Skip to main content


December 22, 2015

Ania Ahlborn: The Best Books are Like Bonbons Laced with Arsenic

Posted by emily

Bestselling horror author Ania Ahlborn has always been drawn to the darker, mysterious and sometimes morbid sides of life. Her latest book, BROTHER, is a terrifying tale about a teenager determined to break from his family’s unconventional --- and deeply disturbing --- traditions. Some traditions, though --- like giving and receiving books --- can be a little less sadistic. Here, Ania describes her favorite books to find under the tree, books that are dark and menacing and provide a much-needed shock of adrenaline during the wholesome holiday season.

Giving and receiving books has changed quite a bit in the past decade. Sometimes it’s difficult to gift a piece of literature to someone who can buy it electronically with the tap of a finger, delivering it to their reading device five seconds later. But there’s something about the thick and glossy pages of a picture book that gets me. People argue that eBooks will never truly replace print, and that can be debated. But eBooks replacing oversized tomes full of intricately detailed images? Never ever. That’s why I was absolutely thrilled when I found Brom’s THE CHILD THIEF beneath my Christmas tree years ago.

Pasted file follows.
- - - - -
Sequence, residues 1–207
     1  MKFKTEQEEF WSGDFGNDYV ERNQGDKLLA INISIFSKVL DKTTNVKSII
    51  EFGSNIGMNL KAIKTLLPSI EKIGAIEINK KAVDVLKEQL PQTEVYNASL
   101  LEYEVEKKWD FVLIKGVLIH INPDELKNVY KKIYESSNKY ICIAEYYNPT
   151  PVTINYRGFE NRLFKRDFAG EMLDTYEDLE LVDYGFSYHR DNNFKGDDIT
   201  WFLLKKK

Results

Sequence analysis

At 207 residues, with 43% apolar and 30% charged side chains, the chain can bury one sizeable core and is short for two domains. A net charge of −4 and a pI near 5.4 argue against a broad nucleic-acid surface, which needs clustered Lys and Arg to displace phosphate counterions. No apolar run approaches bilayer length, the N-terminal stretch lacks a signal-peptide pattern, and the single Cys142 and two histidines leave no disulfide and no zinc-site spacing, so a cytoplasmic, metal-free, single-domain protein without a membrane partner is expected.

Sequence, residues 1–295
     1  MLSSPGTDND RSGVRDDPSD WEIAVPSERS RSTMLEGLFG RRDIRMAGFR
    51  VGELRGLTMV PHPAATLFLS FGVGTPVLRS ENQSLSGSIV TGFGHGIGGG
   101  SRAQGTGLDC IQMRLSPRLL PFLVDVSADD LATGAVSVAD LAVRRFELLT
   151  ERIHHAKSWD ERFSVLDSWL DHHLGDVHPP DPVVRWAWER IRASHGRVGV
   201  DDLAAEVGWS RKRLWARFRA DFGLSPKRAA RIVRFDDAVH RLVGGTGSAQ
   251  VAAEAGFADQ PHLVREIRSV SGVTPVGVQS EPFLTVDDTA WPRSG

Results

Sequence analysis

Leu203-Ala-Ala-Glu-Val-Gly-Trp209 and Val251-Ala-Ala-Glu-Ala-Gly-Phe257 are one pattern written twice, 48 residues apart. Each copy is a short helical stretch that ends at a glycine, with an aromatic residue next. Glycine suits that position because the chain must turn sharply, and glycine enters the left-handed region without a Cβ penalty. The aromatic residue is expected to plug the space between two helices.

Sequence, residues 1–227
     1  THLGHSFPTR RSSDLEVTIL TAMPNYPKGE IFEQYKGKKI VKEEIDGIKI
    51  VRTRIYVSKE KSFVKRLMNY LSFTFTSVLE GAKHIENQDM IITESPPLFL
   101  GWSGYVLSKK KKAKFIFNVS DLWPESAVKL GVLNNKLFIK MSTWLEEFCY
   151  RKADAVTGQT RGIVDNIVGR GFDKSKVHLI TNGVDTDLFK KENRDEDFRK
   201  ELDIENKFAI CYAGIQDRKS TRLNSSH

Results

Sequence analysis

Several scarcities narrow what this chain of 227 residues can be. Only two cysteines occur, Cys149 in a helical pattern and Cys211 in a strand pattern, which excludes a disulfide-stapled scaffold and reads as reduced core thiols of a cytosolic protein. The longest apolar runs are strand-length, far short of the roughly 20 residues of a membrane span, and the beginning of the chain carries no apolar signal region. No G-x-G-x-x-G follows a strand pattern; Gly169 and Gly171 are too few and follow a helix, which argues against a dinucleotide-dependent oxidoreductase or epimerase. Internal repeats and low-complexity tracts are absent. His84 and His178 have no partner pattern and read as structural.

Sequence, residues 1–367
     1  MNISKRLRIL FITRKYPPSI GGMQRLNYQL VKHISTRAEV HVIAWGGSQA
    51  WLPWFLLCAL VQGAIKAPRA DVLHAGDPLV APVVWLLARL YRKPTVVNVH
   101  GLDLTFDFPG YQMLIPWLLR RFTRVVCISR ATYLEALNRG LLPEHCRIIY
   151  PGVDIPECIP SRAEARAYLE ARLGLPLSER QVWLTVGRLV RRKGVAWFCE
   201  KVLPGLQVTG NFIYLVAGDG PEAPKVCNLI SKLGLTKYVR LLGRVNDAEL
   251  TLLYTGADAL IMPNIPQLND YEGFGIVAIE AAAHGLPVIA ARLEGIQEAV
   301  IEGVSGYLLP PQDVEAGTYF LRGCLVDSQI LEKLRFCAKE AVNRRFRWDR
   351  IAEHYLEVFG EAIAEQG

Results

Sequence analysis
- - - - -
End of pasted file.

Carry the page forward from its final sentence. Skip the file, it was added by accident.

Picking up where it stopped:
If you aren’t familiar with Gerald Brom --- simply known as Brom in the art and writing world --- do yourself a favor and check out his work, be it reading his books or simply poring over his stunning artwork online. His books --- full of dark, wicked and oftentimes sincerely chilling images --- are, perhaps, a bit unorthodox when it comes to the festival of lights. But then again, so is the tale of Krampus, a demon-like anthropomorphic character who whips (and sometimes kidnaps) disobedient children, making Saint Nicholas’ job of delivering glittering gifts to the good boys and girls of the world that much easier. Forget the coal. Krampus is coming.

As a lover and author of horror, I pine to find books like these beneath the tree, wrapped in colorful holiday paper like bonbons laced with arsenic; like Krampus crawling in through your window with a whip and wagging tongue. Dark and wicked, disturbing in their sheer existence, these are the types of books that quicken my own twisted imagination. They are a shot of horror during an otherwise delightful, kid-friendly holiday.